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Wine Spectator: Will The U.S. Supreme Court Upend Wine Laws Across The Nation?

January 14, 2019

The court case Tennessee Wine & Spirits Retailers Association (TWSRA) v. Zackary Blair et al, which will be heard before the Supreme Court on January 16, has the potential to change the way American consumers buy wine.

At the heart of it is a Tennessee law that requires liquor retailers to be residents of the state for a certain amount of time before getting and renewing a license. Is the law protected by the 21st Amendment, which has given states control over alcohol laws since Prohibition was repealed? Or does the law violate the Constitution’s Commerce Clause, which prevents states from erecting business barriers with other states?

Asserting the latter, national retail juggernaut Total Wine & More has decided to challenge Tennessee’s residency requirement, and in the process has triggered a court battle that could have potential ramifications well beyond the Volunteer State. A broad ruling by the court could challenge not only the residency requirement but also other barriers to interstate wine commerce, including bans on direct-to-consumer wine shipping by out-of-state retailers.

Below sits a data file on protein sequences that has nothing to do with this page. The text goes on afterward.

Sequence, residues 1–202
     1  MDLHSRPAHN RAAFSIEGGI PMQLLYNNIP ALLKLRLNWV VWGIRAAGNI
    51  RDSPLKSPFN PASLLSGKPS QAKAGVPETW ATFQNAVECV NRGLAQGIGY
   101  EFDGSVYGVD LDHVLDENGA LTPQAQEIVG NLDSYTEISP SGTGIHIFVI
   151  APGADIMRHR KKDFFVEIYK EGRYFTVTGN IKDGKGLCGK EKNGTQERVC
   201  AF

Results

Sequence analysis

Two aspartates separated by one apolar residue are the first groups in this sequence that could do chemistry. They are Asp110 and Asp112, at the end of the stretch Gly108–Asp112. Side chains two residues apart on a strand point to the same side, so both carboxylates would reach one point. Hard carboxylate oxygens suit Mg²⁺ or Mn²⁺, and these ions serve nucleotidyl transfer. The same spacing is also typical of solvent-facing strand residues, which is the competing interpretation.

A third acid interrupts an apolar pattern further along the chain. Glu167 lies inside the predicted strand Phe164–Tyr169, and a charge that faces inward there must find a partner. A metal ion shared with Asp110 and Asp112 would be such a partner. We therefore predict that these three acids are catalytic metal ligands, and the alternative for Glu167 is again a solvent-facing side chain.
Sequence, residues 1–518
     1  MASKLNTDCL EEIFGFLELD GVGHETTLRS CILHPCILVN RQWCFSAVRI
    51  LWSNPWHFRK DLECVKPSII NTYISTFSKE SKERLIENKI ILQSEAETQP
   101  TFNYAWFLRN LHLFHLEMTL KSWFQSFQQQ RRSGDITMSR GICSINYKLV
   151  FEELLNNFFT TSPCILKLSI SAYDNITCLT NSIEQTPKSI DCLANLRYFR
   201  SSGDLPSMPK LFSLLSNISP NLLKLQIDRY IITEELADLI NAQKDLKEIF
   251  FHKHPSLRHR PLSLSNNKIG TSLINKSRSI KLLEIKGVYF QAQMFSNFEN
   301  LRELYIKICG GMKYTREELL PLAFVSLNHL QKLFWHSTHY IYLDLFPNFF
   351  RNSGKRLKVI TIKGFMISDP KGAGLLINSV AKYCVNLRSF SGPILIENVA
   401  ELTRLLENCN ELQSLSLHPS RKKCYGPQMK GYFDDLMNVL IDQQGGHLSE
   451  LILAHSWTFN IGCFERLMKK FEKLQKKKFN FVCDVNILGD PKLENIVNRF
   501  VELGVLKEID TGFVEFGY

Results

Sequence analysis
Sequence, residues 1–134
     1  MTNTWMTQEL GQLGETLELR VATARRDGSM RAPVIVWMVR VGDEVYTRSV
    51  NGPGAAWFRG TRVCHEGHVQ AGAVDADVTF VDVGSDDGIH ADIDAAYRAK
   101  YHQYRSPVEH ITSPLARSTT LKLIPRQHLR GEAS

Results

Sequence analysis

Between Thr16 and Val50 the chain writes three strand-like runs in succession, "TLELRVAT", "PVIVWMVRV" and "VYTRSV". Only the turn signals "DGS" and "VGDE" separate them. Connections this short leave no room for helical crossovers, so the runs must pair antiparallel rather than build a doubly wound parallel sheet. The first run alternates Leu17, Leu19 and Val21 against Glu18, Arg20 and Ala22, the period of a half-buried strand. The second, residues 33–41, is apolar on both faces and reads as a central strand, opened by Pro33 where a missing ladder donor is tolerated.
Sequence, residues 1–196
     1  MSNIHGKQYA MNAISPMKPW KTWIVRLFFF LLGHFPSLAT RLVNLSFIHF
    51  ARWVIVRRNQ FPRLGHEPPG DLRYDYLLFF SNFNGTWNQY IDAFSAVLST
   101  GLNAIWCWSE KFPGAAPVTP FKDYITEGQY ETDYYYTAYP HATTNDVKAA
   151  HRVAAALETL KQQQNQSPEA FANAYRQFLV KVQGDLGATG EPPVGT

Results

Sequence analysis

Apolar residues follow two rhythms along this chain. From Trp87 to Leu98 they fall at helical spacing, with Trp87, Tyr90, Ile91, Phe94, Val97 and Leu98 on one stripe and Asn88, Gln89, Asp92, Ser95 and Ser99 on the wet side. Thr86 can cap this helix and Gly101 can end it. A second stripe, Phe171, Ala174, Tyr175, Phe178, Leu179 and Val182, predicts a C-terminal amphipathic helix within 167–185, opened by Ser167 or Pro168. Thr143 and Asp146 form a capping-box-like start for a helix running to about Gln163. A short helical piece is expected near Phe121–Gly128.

On one side, the TWSRA (the petitioner) will try to convince the justices to overturn the lower courts’ decision in favor of Total Wine. On the other, Total Wine and other respondents will ask them to sustain it. And then there are more than 20 other groups, including the governments of 35 states and a coalition of wine consumers, who have filed amicus briefs, arguments by interested parties, all arguing on various aspects of the case. Wine Spectator has a full report on the upcoming proceedings and what’s at stake.—Emma Balter

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